Figure 1: Managing the pitfalls

Behavioural pitfalls How best to manage
Assessing the odds Focus on the probable
Memory recall Be prepared
Anchoring Be open to ways to limit
Decision fatigue Early is best; review strategic items first, have breaks and snacks

When assessing choices, it is important to understand the likelihood of an occurrence and focus your efforts and energy on the probable outcomes. When retrieving a memory your brain “replays” the nerve pathways created when the memory was formed. Recalling information helps strengthen our memories, highlighting the importance to be prepared for meetings in order to benefit from experiences and past learnings.

Being aware that some biases exist goes a long way to limiting their influence. When it comes to other biases such as anchoring, it is important to be open to ways to reduce influences. For example, when undertaking your next asset mix review, disguising the different mixes can help manage the risk of an emotional attachment to the current mix.

To combat decision fatigue, the best option is to schedule meetings early to improve the odds of making effective decisions. If meetings late in the day cannot be avoided, then agenda items should be organized with the most important first, when energy levels are higher. Having snacks available to provide a recharge of energy levels will also improve decision-making.

Managing the four villains

The “WRAP” process can help tackle each of the four villains.

Figure 2: Managing the villains

Four villains WRAP process
Narrow framing Widen your options
Confirmation bias Reality-test your assumptions
Short-term emotion Attain distance
Overconfidence Prepare to be wrong

Widening options can uncover ideas that you may not have thought of and helps to avoid narrow framing. The concept is to think of physically moving the spotlight away from the area previously focused on in order to uncover different ideas or options. For example, if your committee is struggling with a particular challenge, reach out to a peer in the industry to find out how they tackled a similar challenge as a way to widen your perspective.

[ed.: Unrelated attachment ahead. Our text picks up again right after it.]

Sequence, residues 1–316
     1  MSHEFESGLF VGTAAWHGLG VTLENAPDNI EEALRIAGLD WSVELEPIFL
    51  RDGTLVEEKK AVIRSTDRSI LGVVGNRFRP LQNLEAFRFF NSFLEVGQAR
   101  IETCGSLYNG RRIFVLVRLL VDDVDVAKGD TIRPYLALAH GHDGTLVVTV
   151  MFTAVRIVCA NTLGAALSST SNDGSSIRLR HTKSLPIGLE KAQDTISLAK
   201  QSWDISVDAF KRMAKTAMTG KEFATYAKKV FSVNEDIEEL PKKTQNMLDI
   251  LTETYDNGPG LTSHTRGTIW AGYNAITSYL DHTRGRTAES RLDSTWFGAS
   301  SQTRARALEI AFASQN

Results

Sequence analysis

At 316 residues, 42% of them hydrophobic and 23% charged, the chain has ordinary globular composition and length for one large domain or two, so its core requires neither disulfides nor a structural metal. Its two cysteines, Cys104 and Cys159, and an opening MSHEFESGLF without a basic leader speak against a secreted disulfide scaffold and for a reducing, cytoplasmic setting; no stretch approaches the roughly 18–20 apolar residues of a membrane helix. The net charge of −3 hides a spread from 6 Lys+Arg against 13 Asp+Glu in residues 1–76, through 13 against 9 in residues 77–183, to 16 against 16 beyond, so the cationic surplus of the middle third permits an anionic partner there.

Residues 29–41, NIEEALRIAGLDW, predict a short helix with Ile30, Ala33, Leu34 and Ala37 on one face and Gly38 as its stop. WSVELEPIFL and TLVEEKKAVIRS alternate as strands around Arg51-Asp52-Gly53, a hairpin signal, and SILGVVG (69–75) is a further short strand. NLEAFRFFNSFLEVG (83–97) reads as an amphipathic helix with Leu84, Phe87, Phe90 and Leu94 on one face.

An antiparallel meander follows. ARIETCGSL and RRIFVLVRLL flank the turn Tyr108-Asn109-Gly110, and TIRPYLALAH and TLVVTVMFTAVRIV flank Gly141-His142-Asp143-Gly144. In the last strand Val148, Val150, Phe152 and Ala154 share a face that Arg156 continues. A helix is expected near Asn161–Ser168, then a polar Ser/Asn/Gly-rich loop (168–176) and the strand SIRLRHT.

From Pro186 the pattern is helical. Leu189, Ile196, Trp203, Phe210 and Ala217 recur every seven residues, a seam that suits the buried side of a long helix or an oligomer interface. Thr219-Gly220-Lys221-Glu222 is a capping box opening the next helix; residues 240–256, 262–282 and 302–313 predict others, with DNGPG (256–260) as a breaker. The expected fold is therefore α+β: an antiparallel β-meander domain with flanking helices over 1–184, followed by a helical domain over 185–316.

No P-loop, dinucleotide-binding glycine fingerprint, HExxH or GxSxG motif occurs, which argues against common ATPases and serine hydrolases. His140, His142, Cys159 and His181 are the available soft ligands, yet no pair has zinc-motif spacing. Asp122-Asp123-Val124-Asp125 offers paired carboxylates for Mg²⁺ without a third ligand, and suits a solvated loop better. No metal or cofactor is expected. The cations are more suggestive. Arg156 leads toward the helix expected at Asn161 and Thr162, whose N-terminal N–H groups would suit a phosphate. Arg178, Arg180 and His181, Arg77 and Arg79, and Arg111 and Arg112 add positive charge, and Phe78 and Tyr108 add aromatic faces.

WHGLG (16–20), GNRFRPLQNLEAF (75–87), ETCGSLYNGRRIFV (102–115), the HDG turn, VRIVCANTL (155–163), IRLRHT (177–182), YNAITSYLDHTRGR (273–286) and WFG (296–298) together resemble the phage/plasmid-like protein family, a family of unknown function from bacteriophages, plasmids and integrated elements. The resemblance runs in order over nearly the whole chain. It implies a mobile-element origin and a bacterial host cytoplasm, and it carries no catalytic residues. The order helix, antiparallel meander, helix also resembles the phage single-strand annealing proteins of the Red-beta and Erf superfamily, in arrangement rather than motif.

One approach to take when faced with confirmation bias is to reality-test assumptions by having someone play a devil’s advocate role to create constructive challenges and discussion prior to finalizing the decision.

To manage short-term emotion consider putting some distance between reviewing options and making a decision. The “10/10/10” tool developed by business writer Suzy Welch provides an elegant way of requiring us to put some distance when assessing decisions. Imagining how we will feel 10 minutes, 10 months and 10 years from now can help alleviate the emotional impact, since the longer the timeframe, the less the impact from emotional influences.

For overconfidence, you should prepare to be wrong, no matter how confident you may be. Having an appreciation that there is a risk things may not go exactly as planned can create an important awareness when assessing options.

Making better decisions

Sitting on an investment committee is a role where many decisions are required. While you cannot control how investments will perform, you can manage how behavioural influences and biases can negatively affect decisions. By doing so, you will improve the odds of meeting your long-term goals.

[1] Heath, Chip., and Dan Heath. Decisive: How to Make Better Choices in Life and Work. New York: Crown Business, 2013.

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CC&L Financial Group Ltd.
October 16th, 2023